April 13, 2022

Being the Sermons and the Pictures

Seeing sermons and showing care go so much further than a display of academic prowess or skill with the written word.

Wilona Karimabadi

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I received a stern letter about our ministry the other day. In it an angry­-sounding woman told us she refused to renew her subscription to Adventist Review. “The Review is chock­full of sermons, unfortu­nately!” she said. “I would rather see the sermon than hear one any day. We don’t care how much you know until we know how much you care.”

She isn’t wrong.

To clarify, we don’t publish 72 pages of sermons or even more than the occasional three-­page summary. Truthfully, we wouldn’t wish that on anyone. But our unhappy reader was spot-­on concerning her other points. Seeing sermons and showing care go so much further than a display of academic prowess or skill with the written word.

When my son was in first grade, he did something (I can’t remember what) that got my husband and me justifiably upset. And so we spoke to him in a tone that conveyed that sentiment. He turned to us and said, “You’re not being the pic­ture of Jesus. You’re being the picture of Satan!”

What is being the picture of Jesus sup­posed to look like? How do we reflect Christ in the way we act? in the way we treat oth­ers? If a mirror were held up to our behav­ior, who would be looking back at us?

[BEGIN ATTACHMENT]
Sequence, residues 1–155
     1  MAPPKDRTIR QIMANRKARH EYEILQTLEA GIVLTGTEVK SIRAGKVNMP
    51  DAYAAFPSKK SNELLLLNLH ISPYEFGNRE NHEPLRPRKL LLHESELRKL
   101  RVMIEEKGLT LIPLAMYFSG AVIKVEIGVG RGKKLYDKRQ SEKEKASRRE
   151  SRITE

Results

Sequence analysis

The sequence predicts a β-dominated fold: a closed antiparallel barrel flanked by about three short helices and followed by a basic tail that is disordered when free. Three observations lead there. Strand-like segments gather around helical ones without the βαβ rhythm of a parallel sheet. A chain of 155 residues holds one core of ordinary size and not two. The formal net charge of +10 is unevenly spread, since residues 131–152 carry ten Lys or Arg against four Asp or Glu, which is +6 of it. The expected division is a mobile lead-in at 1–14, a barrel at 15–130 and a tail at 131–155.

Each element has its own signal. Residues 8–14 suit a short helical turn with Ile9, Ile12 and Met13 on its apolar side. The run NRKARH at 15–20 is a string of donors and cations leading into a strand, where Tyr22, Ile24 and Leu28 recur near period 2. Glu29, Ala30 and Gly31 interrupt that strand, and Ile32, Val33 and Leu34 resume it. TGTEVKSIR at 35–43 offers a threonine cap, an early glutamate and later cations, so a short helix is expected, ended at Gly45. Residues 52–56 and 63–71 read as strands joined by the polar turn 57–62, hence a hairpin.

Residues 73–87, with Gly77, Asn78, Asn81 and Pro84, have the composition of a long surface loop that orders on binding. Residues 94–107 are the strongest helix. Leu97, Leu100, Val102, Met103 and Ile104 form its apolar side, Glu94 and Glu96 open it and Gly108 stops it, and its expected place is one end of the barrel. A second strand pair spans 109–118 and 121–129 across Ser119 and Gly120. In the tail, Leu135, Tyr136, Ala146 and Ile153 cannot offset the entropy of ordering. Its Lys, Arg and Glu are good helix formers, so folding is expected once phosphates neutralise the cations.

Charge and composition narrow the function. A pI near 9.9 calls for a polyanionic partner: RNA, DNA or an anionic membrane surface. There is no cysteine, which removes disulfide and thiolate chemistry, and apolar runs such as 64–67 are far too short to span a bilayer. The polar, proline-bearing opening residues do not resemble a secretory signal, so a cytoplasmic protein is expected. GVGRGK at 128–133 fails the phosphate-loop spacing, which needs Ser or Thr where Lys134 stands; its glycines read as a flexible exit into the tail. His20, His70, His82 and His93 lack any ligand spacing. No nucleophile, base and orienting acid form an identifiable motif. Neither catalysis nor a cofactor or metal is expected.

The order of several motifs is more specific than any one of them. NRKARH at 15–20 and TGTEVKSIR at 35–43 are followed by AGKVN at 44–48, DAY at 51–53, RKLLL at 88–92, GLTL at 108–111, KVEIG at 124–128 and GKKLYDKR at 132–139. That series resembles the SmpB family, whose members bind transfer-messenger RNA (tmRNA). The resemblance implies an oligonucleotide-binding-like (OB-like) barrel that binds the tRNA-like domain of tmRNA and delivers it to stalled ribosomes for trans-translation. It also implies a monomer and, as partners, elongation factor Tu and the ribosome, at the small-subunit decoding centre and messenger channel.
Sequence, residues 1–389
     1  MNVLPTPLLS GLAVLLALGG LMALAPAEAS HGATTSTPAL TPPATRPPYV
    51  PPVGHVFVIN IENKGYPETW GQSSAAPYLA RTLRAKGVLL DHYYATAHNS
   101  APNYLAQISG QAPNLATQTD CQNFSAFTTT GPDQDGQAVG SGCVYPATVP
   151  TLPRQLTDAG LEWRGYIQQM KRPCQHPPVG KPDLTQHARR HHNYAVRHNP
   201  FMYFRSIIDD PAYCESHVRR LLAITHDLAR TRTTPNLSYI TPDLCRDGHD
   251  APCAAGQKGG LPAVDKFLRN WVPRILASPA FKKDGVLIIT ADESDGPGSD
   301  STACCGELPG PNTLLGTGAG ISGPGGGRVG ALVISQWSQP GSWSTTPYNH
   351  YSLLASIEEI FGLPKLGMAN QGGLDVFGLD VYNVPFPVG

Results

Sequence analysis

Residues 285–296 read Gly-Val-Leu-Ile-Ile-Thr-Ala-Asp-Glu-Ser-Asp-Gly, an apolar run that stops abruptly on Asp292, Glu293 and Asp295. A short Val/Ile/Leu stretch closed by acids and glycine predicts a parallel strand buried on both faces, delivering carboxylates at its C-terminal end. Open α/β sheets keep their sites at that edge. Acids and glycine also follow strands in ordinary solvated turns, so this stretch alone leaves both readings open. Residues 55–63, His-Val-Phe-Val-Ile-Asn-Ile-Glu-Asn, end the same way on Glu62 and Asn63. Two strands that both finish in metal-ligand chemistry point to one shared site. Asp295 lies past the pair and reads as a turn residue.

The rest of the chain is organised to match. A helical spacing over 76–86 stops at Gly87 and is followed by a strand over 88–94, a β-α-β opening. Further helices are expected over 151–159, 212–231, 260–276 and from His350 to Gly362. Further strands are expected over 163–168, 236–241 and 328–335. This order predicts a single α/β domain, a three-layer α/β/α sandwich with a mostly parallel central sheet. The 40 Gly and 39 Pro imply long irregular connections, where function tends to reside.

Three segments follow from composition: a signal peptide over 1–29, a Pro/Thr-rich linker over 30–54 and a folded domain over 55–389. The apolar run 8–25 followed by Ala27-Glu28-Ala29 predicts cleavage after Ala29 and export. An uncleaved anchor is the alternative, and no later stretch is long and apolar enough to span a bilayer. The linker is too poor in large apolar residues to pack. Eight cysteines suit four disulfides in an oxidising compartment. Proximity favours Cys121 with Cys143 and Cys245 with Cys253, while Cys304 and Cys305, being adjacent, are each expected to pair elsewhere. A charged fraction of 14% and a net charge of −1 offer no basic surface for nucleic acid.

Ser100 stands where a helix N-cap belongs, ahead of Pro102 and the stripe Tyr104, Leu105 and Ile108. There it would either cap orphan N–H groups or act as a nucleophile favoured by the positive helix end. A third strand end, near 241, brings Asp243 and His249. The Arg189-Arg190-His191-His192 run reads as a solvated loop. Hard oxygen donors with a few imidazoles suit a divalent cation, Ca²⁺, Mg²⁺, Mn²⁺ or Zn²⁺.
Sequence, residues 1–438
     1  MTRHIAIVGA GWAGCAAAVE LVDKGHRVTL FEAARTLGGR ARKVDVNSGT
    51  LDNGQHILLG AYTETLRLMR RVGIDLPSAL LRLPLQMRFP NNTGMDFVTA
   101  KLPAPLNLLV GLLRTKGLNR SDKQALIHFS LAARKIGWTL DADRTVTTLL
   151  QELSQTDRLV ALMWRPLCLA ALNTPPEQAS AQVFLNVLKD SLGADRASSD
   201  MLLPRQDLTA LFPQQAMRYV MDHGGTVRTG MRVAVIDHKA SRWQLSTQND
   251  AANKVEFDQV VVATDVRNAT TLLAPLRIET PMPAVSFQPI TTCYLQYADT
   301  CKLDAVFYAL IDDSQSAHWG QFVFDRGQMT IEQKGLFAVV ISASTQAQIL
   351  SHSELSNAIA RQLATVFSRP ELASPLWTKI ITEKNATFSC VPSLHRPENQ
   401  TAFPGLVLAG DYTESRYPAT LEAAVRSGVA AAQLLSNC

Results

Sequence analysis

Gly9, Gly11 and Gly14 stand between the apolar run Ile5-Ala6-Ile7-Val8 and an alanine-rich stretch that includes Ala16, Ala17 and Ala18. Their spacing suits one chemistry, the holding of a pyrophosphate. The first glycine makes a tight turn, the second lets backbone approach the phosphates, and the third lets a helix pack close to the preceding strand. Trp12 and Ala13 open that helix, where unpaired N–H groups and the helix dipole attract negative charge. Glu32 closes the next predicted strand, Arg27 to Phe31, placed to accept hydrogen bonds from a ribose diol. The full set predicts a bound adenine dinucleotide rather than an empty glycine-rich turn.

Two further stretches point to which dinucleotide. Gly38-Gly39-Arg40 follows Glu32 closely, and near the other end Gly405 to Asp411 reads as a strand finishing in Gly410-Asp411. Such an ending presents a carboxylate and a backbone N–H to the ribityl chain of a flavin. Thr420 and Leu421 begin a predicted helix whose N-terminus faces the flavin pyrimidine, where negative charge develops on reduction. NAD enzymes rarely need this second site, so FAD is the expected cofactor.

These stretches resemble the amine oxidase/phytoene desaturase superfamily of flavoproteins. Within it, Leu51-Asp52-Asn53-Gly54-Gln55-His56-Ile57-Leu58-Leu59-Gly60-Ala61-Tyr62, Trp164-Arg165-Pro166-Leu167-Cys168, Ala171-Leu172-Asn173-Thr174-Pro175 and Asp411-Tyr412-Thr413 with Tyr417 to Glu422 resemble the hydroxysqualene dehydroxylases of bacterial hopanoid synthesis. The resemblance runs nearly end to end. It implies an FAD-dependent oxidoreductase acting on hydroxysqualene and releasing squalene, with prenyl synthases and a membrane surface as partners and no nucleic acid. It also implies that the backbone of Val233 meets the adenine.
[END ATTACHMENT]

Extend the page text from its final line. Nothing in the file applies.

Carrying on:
At the time of this writing, most of us have been glued to the news and, in my case, even TikTok, for on ­the ­ground coverage of all that is happening in Ukraine, and I’m heart­-broken at the fear, displacement, and vio­lence facing innocent citizens.

But the news has made me think seriously. Especially in times like these, being the sermon and being the picture of Jesus are what is called for, not just through words, or thoughts, or prayers alone—important as they are.

A friend of mine took to cold calling a local Ukrainian church in the area and told whoever answered the phone how much she was praying for their country. I sent an email to the lead minister of a similar congregation just to extend my support. Refugees are crossing the bor­ders into Poland, Hungary, and Romania to people waiting on the other side with food, blankets, and a welcome. And yes, brave Russian citizens are protesting, at great risk to themselves.

Even Saturday Night Live preached a simple sermon with its “cold open” during the February 26 show. On a stage deco­rated with sunflowers—the national flower of Ukraine— the show featured the Ukrainian Chorus Dumka of New York singing the hymn “Prayer for Ukraine.” The piece traditionally closes each service in most Ukrainian Christian churches.

It’s easy to talk the talk. To research the topics, finding all the biblical support, anecdotal evidence, and Spirit of Proph­ecy quotations to load a sermon—or an article—with powerful words. But what speaks the loudest?

We are facing challenges on a world­-wide scale where we can see the oppor­tunity to be the picture of Jesus, to be the most powerful of sermons. As we get closer to Jesus’ coming, watch where the sermons are coming from—in deed more than word. And join in.

Wilona Karimabadi
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